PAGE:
Princeton Times


November 3, 2012

NFL rookie QBs show the ability to run teams

PRINCETON — There was a joke going around in the Concord press box Saturday that the WVU defense had given up 28 points during their off week. That’s an indicator of how things are going for a team when jokes like that are common.


I never expected the World Series to go the way it did, with a relatively easy victory for the Giants. Give the credit to the Giants’ pitching staff for their control over the Tigers’ hitting. I’m not going to blame the Tigers’ layoff for the loss, because what were they supposed to do? Continue to string along the Yankees like a cat batting at a mouse? They ran up against a better opponent in the Series.


Going to the NFL, I’m not a fan of the concept of parity, where no team is either outstanding or terrible. Fortunately, the law of averages weighs against such a concept, which makes things interesting to me. As of this writing, the Atlanta Falcons are the NFL’s only undefeated team at 6-0, thanks in large part to some fortunate big plays by the offense and improved defense.

One-third of the way through the season, the five rookie quarterbacks — Andrew Luck, Robert Griffin III, Ryan Tannehill, Brandon Weeden and Russell Wilson — have definitely shown the ability to run NFL teams. Luck’s Colts have already won more games than they did last year; Griffin’s Redskins are improved and the other three have had their moments (I’m thinking of Wilson beating the Patriots on a last-minute play).

One hopes that this year’s rookie quarterbacks have a better sophomore year follow-up than Cam Newton has had so far. I swear I’m about to go nuts watching ESPN so overcover a guy’s post-game press conferences (It’s about as bad as their coverage of the New York Jets). He’s not calling the plays or running the team’s operations, so get off the subject.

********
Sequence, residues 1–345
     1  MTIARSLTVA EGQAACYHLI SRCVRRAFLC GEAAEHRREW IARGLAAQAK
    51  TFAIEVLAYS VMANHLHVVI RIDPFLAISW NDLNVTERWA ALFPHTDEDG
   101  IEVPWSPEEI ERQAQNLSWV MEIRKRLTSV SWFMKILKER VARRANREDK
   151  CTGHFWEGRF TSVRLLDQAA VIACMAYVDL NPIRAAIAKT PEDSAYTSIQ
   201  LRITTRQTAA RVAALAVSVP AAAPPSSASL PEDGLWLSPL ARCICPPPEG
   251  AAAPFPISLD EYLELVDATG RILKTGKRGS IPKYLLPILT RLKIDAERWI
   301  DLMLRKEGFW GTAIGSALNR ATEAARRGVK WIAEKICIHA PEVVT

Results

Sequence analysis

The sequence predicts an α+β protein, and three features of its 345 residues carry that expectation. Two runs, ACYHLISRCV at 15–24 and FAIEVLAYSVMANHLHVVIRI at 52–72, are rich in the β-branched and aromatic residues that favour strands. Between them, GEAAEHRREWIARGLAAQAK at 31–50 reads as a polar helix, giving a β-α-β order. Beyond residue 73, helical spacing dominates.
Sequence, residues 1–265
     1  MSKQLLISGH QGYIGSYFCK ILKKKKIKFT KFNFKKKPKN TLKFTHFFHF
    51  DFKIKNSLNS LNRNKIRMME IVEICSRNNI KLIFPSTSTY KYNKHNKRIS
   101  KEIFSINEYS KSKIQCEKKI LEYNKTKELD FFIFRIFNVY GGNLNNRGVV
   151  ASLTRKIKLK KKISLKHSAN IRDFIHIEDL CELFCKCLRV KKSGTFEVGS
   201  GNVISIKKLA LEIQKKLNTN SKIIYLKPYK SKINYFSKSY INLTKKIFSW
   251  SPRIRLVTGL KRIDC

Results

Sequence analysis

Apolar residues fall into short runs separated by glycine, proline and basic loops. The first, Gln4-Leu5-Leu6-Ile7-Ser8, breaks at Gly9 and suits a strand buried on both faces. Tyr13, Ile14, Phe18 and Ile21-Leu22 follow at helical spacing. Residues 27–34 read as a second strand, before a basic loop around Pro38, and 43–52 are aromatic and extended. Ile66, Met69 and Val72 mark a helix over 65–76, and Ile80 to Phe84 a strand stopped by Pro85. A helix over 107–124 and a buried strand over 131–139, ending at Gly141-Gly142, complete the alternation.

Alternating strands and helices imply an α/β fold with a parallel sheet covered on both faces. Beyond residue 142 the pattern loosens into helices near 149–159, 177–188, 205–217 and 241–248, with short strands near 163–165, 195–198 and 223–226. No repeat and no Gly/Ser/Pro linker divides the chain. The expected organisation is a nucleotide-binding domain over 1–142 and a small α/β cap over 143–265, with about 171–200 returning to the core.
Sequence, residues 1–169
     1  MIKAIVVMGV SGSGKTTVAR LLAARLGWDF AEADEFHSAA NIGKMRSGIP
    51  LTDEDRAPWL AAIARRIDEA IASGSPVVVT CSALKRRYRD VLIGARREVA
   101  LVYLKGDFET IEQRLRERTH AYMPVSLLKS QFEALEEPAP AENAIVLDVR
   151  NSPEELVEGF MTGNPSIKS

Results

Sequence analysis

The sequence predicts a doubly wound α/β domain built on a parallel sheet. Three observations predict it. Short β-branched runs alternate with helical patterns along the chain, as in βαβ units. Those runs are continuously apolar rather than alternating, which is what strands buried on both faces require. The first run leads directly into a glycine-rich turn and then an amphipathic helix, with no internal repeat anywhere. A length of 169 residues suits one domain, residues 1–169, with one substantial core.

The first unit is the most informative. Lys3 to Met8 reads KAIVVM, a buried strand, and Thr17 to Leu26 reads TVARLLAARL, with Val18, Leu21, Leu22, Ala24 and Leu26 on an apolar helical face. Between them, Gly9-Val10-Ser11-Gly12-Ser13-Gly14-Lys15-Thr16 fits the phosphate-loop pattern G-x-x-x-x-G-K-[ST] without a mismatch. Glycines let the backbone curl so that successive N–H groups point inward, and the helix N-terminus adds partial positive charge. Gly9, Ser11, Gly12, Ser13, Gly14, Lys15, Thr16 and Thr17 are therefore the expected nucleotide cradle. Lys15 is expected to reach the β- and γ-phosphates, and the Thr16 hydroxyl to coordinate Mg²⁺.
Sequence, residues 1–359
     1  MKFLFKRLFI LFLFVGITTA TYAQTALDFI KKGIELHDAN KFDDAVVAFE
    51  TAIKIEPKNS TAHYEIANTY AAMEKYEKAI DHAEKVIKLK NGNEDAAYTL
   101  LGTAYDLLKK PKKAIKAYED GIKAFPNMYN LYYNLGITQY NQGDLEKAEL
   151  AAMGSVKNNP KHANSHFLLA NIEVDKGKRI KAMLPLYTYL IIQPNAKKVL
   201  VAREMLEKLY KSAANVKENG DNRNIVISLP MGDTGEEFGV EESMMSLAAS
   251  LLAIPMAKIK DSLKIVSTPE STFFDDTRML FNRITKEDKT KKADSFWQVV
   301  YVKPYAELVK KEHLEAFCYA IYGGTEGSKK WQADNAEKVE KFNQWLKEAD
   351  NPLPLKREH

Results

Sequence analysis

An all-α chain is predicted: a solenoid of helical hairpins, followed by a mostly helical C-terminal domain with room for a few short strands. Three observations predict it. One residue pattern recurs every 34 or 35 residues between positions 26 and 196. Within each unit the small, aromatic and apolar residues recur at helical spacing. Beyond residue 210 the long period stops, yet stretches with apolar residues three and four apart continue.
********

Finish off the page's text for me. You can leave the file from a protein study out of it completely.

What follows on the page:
Watching as much ESPN as I do, one gets the feeling that if it wasn’t for press conferences they wouldn’t know what to do on SportsCenter. They just put on a press conference and run it into the ground just to kill time.

Last year’s offensive explosions were an aberration of limited training camp time. The full camps this year has shifted the balance towards the defenses as the trend has been for the better defensive teams to win the games. Chicago is using the defense as a supplemental offensive weapons with six interceptions returned for touchdowns to date this year. The weaker the defense, the weaker the team.


Going to the NBA Central Division, one major injury has changed the balance of power in the division, as Derrick Rose of the Chicago Bulls will miss a portion of the year, thanks to a knee injury suffered in last year’s playoffs.

Having said that, the Indiana Pacers look to be the class of the division if George Hill can continue his late season effectiveness (the team was 7-2 with him as a starter) at point guard. Paul George, David West and Danny Granger give the team plenty of weapons and Roy Hibbert is an edge at center.

The Bulls hope Yannick Noah and Luol Deng are over their own injuries, since the latter is the team’s best non-Rose offensive player and the former, their best defensive player. They emphasize defense over offense in Chicago so they might hold on until Rose’s return.

The Milwaukee Bucks could be the surprise team of the Eastern Conference if Monta Ellis develops in his second year with the team and Samuel Dalembert fits in at center.

The Cleveland Cavaliers did well with Kyrie Irving at point guard. Dion Walters might be step two in their building process.

The Detroit Pistons have to hope that Rodney Stuckey is fully healthy, that Jonas Jerebko is also healthy and that Greg Monroe continues to progress.  

Let me know what you think by writing me c/o Jeff’s Sports Corner, P.O. Box 1199, Princeton, WV, 24740. I can also be reached at or or on Facebook.

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